Small And Midsized Company Marketing And Marketing Communications – Actionable Forecasts For 2018

You’ve probably been inundated recently with macro forecasts on the growth of digital media, artificial intelligence, mobile communications, videos, drones and more. But, as a small or midsize B2B, B2C or nonprofit marketer, what forecasts should you actually pay attention to, and which might be used to improve your profitability and ROI?

I believe 2018 will be a bumpy ride and hope that my forecasts will smooth out the journey for you. Here goes:

Improving Marketing And Marketing Communications By Paying Attention to These

1. Considerable thought and time will be spent creating new website language to meet the explosive use of voice activated Internet searches. Voice activated searches, using “personal assistants”, accounted for twenty percent of searches in 2016 (ComScore) and are projected to reach fifty percent in 2020. Your website pages need to understand and reflect how people actually speak.

2. Greater attention to brand transparency, complete truth and face-to-face interaction with customers and prospects will take center stage. Cybersecurity breaches, as well as eroding trust in media and institutions, has led to a significant and wide spread quest for truth. Events and interactions at the point-of-purchase provide opportunities to build (or re-build) brand trust.

3. Reducing merchandise returns by e-commerce consumers will receive increased focus and require new strategies. While online sales are growing at about three times the rate of those for brick and mortar stores (in part, because of free shipping), almost one-third of e-purchases are sent back (versus nine percent for stores). As shipping is twenty to sixty-five percent of an e-retailers cost of goods (UPS), it’s all hands on deck to reduce this cost.

4. While digital marketing will continue to grow, there will have to be significant improvements made for its continued development. Consider the following:

– P&G has challenged Google, Facebook, YouTube and others to adapt safeguards against the existing fraudulent traffic reporting and inappropriate content by the end of 2017 or they will stop advertising with them; P&G has already pulled $140 million from them in 2017.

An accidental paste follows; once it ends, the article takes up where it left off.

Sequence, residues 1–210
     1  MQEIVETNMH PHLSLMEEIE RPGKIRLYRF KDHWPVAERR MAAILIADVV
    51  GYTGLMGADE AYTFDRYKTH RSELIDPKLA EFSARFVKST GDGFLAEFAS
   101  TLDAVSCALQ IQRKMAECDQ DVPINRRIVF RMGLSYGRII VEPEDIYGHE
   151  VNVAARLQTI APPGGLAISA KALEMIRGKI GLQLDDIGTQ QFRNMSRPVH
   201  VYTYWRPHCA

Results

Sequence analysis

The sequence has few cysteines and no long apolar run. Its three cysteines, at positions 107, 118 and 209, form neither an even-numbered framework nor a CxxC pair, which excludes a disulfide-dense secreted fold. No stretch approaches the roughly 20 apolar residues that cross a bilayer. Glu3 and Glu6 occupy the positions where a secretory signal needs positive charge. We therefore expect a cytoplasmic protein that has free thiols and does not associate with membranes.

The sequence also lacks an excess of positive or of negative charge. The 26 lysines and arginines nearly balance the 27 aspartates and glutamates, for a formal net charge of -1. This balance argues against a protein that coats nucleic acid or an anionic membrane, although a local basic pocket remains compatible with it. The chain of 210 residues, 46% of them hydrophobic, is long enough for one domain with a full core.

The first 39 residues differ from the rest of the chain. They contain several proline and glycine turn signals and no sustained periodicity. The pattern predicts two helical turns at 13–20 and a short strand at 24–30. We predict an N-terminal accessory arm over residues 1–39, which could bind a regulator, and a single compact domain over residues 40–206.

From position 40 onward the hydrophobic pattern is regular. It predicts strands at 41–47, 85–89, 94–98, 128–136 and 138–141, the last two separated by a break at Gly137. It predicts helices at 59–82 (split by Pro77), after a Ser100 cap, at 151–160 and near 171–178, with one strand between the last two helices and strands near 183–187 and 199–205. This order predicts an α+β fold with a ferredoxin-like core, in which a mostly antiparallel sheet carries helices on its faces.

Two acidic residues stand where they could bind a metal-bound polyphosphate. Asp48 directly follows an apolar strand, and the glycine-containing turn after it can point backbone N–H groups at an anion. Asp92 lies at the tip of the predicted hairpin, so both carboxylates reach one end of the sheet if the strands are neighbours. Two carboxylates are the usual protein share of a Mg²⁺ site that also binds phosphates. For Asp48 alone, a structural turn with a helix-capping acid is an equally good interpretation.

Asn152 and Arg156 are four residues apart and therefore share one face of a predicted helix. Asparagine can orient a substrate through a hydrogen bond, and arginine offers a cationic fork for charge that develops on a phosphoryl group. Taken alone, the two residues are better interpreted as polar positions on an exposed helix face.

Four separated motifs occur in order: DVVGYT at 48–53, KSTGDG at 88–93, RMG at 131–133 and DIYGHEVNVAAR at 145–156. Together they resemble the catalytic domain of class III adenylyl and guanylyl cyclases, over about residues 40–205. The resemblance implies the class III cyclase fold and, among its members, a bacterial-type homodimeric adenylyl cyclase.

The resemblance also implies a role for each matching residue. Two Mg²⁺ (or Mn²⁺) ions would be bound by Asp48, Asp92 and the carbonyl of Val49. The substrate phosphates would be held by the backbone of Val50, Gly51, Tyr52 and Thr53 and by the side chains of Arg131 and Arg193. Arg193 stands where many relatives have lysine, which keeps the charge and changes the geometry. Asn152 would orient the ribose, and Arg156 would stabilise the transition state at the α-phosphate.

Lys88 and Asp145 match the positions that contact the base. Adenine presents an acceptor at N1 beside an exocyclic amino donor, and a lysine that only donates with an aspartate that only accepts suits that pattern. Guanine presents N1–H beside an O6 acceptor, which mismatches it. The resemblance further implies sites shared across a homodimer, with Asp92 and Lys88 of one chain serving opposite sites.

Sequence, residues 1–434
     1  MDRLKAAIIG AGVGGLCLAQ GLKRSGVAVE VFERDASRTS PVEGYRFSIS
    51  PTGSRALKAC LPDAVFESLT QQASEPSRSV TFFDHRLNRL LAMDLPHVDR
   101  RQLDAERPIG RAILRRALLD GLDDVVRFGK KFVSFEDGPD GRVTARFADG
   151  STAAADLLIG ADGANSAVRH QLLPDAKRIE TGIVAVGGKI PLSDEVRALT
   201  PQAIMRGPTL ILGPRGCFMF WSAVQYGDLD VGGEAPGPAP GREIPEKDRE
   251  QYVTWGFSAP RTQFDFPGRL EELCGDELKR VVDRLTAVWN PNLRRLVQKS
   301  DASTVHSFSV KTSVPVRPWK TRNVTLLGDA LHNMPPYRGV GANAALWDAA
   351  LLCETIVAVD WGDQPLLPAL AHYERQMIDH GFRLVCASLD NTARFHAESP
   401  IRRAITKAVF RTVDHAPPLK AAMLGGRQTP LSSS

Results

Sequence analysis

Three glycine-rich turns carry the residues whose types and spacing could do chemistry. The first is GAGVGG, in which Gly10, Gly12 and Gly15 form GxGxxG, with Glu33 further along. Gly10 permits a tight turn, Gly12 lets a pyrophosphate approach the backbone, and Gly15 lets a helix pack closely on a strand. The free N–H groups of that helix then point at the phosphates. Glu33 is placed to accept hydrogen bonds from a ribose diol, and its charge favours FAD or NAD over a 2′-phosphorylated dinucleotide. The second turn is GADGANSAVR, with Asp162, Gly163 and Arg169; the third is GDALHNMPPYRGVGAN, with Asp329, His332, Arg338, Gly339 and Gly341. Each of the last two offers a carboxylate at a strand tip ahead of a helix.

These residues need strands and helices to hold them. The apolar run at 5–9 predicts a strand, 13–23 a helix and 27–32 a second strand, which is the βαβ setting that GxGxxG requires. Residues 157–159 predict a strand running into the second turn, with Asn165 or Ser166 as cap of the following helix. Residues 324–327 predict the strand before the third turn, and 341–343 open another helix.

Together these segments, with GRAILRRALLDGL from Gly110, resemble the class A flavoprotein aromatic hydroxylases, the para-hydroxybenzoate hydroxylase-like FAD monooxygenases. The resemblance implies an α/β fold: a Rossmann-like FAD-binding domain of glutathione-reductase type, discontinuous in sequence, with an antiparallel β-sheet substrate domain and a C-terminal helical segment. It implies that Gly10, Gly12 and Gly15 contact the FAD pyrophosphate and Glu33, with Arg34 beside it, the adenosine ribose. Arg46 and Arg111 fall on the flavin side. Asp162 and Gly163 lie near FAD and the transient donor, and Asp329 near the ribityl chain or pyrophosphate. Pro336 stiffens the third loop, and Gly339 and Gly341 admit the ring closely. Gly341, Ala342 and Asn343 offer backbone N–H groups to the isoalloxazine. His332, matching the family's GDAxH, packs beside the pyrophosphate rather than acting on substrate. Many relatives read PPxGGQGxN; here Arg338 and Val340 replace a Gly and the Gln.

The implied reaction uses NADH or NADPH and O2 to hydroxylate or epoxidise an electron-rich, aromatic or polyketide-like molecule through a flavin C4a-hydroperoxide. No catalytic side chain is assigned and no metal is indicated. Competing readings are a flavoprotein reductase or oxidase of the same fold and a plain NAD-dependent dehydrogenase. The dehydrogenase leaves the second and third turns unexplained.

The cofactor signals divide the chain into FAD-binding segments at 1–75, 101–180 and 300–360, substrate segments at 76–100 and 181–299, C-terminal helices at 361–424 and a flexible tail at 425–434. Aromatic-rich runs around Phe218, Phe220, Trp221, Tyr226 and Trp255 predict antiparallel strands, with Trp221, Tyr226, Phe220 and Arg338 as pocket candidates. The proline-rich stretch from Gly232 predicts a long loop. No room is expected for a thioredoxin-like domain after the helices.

– Walmart is also no longer advertising on YouTube.

– Facebook claims it can potentially reach 101 million 18 to 34-year olds, but the Census Bureau counts only 76 million of this demographic.

– The ANA is attempting to start a six-month, $50 million pilot study with 35 marketers in a test of 30 premium online publishers to determine their actual value.

– Added to these, there have been accusations of social media kickbacks, while over 600 million consumers worldwide have ad blockers installed.

It is clear dramatic improvements must be made and made quickly.

5. As another outgrowth of the mistrust in the marketplace, employees, reps and distributors will become the new marketing communications “influencers”. Of necessity, these people will become “the brand”, and management will recognize the importance of an engaged workforce. In their quest to develop brand champions at every level, savvy leaders will foster authentic and open internal communications.

6. Although it might seem to be a throwback, direct mail will receive renewed emphasis. According to Compu-Mail, average response rates for direct mail (5.1%) is far higher than for email (0.6%), paid searches (0.6%), social media (0.4%), or online display ads (0.2%). In fact, direct mail is even stronger among millennials, with response rates of 12.4% among those aged 18 – 24. Data also suggests that direct mail is better than email for generating longer term customer engagement.

7. Bloggers will continue to be a factor, but writing longer posts, spending more time crafting them, and publishing less frequently (Orbit Media). Specifically, posts went from 808 words in 2014 to 1,142 words in 2017, with the average post taking nearly 3 ½ hours to create. The current regimen shows 3 percent posing daily, 22 percent posting weekly and the majority posting only several times a month or less often.

Changing Your Strategy, Planning And Tactics

1. Marketers will recognize that – in the face of a changing marketplace – the most important aspect of profitable growth and improved ROI is developing a meaningful marketing and marketing communications strategy. Having experimented in recent years with a vast variety of tactical resources (in large part because they’re easy to grasp), marketers have learned that, without any realistic measurement of their worth, these efforts may have been counterproductive. Putting tactics before strategy never works… “ready, fire, aim” comes to mind.

2. Marketers, in fact, will spend much more time determining whether their marketing communications tactics are working. Admitting that clicks don’t inherently lead to increased profitable revenue, they will establish strict measurement and ROI of digital marketing the same way they do with traditional marketing.